"We look at all the events that skaters attend, we rank the skaters and try to use that to give out opportunities to skate in the qualification events," Higgins said.

"So for Cody, he needs to start competing more, increasing his ranking so we can actually get him into an Olympic application event."

Important to talk about mental health

French said that before he fell ill, it was important for him to speak out about mental health and the importance of taking care of yourself.

That has become even more important to him now. He said the various medications doctors have prescribed to him for his illness have led to bouts of depression.

"I'm from a small town and there's not much to do. Depression's a thing. Some people go down the wrong path, getting into alcohol or drugs, and it's abusive, and I've had some friends that have committed suicide. It's made me very depressed," he said.

"I've reached out to people, therapists, and I was just trying to check up on my friends. You know, it's harder when you're older and everyone's going away for school and stuff, but I check up on my friends and just always make sure everyone's OK because. I don't wanna lose anyone else, honestly."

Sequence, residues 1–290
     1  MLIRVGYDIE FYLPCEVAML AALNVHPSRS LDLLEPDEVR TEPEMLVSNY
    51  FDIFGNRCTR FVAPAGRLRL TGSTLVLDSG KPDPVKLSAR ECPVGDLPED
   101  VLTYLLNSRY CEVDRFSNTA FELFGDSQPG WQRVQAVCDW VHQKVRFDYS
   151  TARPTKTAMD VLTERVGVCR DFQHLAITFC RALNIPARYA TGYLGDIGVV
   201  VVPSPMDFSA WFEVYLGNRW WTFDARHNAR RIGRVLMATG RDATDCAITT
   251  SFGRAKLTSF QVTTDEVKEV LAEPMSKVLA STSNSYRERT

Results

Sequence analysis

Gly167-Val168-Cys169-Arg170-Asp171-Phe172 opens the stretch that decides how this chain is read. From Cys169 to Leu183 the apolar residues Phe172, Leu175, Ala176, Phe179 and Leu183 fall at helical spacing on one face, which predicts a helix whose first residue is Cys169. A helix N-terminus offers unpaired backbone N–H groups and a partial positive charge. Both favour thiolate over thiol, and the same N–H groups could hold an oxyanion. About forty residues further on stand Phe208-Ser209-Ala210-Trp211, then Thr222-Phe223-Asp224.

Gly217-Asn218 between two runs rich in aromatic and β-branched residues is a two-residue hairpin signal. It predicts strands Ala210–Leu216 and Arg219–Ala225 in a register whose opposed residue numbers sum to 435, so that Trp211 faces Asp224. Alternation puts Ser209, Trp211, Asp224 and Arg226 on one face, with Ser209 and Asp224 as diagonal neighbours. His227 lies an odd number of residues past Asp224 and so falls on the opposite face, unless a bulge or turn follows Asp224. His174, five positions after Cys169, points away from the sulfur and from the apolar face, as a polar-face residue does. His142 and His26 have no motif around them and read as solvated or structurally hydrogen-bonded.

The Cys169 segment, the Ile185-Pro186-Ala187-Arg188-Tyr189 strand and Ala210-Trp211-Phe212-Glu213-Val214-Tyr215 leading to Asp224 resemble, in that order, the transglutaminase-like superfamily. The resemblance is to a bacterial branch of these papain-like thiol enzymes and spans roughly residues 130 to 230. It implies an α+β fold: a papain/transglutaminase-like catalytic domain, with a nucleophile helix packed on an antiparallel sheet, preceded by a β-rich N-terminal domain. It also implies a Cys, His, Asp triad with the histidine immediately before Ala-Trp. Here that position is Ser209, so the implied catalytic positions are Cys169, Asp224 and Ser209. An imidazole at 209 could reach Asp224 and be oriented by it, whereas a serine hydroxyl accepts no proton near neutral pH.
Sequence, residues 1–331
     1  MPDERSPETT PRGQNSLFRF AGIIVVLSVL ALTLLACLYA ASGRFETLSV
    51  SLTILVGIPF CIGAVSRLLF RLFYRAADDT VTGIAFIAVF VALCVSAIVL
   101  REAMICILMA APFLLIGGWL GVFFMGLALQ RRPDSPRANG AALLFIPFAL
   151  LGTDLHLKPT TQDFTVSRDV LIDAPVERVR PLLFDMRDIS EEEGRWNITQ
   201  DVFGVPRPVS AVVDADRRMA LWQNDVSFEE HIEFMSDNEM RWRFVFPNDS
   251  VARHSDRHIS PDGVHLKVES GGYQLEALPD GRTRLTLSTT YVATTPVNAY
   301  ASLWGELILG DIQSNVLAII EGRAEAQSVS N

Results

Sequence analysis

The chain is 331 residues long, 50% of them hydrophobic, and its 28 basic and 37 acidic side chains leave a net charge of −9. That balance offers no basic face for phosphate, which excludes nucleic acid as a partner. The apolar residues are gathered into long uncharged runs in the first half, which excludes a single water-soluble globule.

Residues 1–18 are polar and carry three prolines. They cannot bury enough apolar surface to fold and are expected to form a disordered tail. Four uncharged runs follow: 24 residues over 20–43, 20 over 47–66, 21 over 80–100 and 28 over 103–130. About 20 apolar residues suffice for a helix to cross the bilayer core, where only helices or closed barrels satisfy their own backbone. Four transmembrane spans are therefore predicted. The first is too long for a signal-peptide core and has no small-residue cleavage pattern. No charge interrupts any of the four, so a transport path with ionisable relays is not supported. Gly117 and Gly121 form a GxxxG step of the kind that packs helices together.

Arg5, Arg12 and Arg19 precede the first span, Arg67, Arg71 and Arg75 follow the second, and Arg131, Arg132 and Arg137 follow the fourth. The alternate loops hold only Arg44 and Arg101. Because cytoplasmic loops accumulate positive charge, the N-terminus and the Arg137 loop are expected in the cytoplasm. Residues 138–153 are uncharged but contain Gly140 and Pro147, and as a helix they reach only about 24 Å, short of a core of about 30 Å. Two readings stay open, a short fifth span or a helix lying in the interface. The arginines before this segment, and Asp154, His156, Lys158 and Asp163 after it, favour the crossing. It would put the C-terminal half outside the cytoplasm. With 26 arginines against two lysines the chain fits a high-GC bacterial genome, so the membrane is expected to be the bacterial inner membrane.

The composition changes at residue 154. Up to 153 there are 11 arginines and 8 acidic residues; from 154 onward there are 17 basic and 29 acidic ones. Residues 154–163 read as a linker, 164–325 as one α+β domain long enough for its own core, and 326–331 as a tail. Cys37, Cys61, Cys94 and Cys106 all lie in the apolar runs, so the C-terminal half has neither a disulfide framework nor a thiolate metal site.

'Never give up'

French said he loves the skateboarding community and helping out younger skateboarders when he can. He can often be found at parks in Waterloo, Kitchener and Guelph.

Sometimes, he'll give away shoes or skateboards he no longer needs.

"If I see a kid with a crappy skateboard, I try and donate one of my old boards or a new board," he said. "I always try to make sure that they have shoes. My feet are small, I'm Size 8, so I always help out the little guys with some shoes."

He hopes younger skaters are inspired by his perseverance after all he's been through.

"I just want to motivate as many kids as possible just to never give up, just to keep trying, if it's a sport, a career, school," he said.

"I made it through it. I know you can make it through it. You just gotta stay positive and just keep grinding."